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Tampa entrepreneur says artificial intelligence can help your small business

Margie Manning



Steve Tingiris

Artificial intelligence isn’t just a tool for big businesses.

Small-to-midsize businesses can use AI in several ways to cement relationships with customers, said Steve Tingiris, founder and chief dabbler at Dabble Lab, a Tampa software company specializing in artificial intelligence assistants for businesses.

Digital assistants and bots can help businesses stay on top of customer communication, Tingiris said at the Tampa Bay Innovation Center’s Diary of an Entrepreneur program Tuesday.

“The requirements on organizations have changed in a big way. Ten to 20 years ago if you had customers that needed answers, you could send them to your website and they could get answers to frequently asked questions. Now, everyone wants an instant response and it’s not FAQs that people want answers to. It’s the not so frequently asked questions.”

Artificial intelligence can provide that kind of customers assistance, he said.

Smaller businesses also can tap artificial intelligence to create content that customers can access via a device such as Amazon’s Alexa.

“Start using bots to make information available to customers. In the Alexa world, there’s something called a flash briefing that you can set up. It’s the equivalent of the old RSS feed. You can  subscribe to different flash briefing sources to get updates. It’s really easy to set up and you can start letting your customers know that they can subscribe to the flash briefings and these can be anything from the tip of the day, if you are a p,rofessional service organization, to company news. When you get people to subscribe, you are assured you will part of their daily routine,” he said.

The technology behind artificial intelligence will be more transformative than anything that’s occurred in the past two decades or more of computing, Tingiris said.

“It used to be that computing was mostly about us learning how to work with computers but the big shift now is that computing is moving toward a day where it’s more about the computers learning how to work with us. The biggest change for interfaces is happening in the world of voice.”

He demonstrated how his own Alexis digital assistant could provide a quick update on sales, marketing and operations at a fictional company. He also asked those in attendance at the program to text a number he provided; the digital assistant compiled the information from the texts and used that information to choose a random winner of an Echo Dot device from Tingiris.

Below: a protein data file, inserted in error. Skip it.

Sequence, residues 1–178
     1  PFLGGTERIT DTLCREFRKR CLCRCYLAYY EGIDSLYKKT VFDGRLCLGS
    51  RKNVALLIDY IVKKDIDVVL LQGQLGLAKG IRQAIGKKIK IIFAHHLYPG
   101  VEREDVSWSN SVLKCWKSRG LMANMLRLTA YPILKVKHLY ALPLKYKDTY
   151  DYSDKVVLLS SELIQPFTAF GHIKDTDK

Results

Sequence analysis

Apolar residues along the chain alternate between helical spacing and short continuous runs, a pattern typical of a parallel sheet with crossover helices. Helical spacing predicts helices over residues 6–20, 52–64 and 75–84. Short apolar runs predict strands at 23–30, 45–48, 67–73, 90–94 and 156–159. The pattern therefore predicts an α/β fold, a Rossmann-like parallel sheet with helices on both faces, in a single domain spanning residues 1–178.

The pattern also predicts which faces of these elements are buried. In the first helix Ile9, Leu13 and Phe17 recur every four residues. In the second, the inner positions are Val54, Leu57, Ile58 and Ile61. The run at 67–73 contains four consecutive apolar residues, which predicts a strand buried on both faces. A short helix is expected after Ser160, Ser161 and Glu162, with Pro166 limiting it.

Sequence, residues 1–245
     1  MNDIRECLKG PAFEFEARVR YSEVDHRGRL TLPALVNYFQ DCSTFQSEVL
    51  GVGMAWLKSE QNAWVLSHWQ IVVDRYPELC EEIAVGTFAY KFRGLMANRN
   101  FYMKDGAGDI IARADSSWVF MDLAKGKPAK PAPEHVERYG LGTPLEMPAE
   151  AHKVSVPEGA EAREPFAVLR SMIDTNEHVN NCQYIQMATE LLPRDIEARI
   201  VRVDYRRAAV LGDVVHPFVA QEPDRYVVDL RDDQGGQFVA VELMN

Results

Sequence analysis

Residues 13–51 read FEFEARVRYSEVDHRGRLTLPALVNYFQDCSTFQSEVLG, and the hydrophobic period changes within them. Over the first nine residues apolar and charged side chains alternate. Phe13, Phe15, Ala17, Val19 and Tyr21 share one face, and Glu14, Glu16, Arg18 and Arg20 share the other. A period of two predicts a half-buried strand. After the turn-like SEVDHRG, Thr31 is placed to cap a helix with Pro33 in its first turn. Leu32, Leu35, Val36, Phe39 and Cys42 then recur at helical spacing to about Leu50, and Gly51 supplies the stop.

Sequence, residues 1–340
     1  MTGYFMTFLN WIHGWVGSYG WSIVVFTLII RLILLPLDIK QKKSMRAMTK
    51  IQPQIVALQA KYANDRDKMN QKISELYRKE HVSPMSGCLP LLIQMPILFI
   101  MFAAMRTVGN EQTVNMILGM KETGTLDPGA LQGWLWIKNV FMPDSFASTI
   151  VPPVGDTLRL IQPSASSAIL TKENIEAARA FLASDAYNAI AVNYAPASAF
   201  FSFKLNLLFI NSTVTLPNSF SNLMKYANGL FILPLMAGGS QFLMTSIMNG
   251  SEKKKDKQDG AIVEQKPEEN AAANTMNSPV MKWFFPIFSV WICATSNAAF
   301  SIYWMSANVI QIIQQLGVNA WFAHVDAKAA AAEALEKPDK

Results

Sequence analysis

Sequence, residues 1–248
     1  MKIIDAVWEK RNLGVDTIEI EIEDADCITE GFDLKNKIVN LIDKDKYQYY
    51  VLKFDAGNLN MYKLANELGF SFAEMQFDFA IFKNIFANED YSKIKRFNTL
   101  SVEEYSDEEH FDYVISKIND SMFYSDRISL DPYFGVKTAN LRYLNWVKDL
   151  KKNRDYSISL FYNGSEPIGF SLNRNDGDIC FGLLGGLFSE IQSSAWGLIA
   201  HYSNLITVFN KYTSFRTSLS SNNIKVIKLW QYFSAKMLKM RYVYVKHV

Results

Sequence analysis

“When I come and do a talk like this, I used to have to go around and ask everyone for business cards. I don’t have to do that, at least not for anyone who signed up for the raffle, because my digital assistant did that for me. As soon as you text back it asks for your name and your email address. I don’t have to collect business cards and go back in my database and put that in there. It’s all done. When I’m done with this presentation I’ll ask my bot to send all those people a thank-you note. So not only do I not need to ask for your business card, you don’t need to ask for my business card,” he said.

“It’s not a super intelligent AI that’s going to take over the world, but it’s an AI, a bot, that just saved me about 20 minutes. Expand that out to an organization, or even my personal calendar, 20 minutes is important. Time is the most valuable thing. Time is the thing you can’t replace.”

Tingiris isn’t concerned that devices powered by artificial intelligence will take jobs from humans.

“I think they are going to take jobs they should take because they are process-oriented jobs. It you ask the people doing them, they wouldn’t tell you they like the job. They would tell you they make a living from the job, and there is a difference,” Tingiris said. “What I think bots and digital assistants are going to do for businesses is free us up to do things that are more important and more human.”

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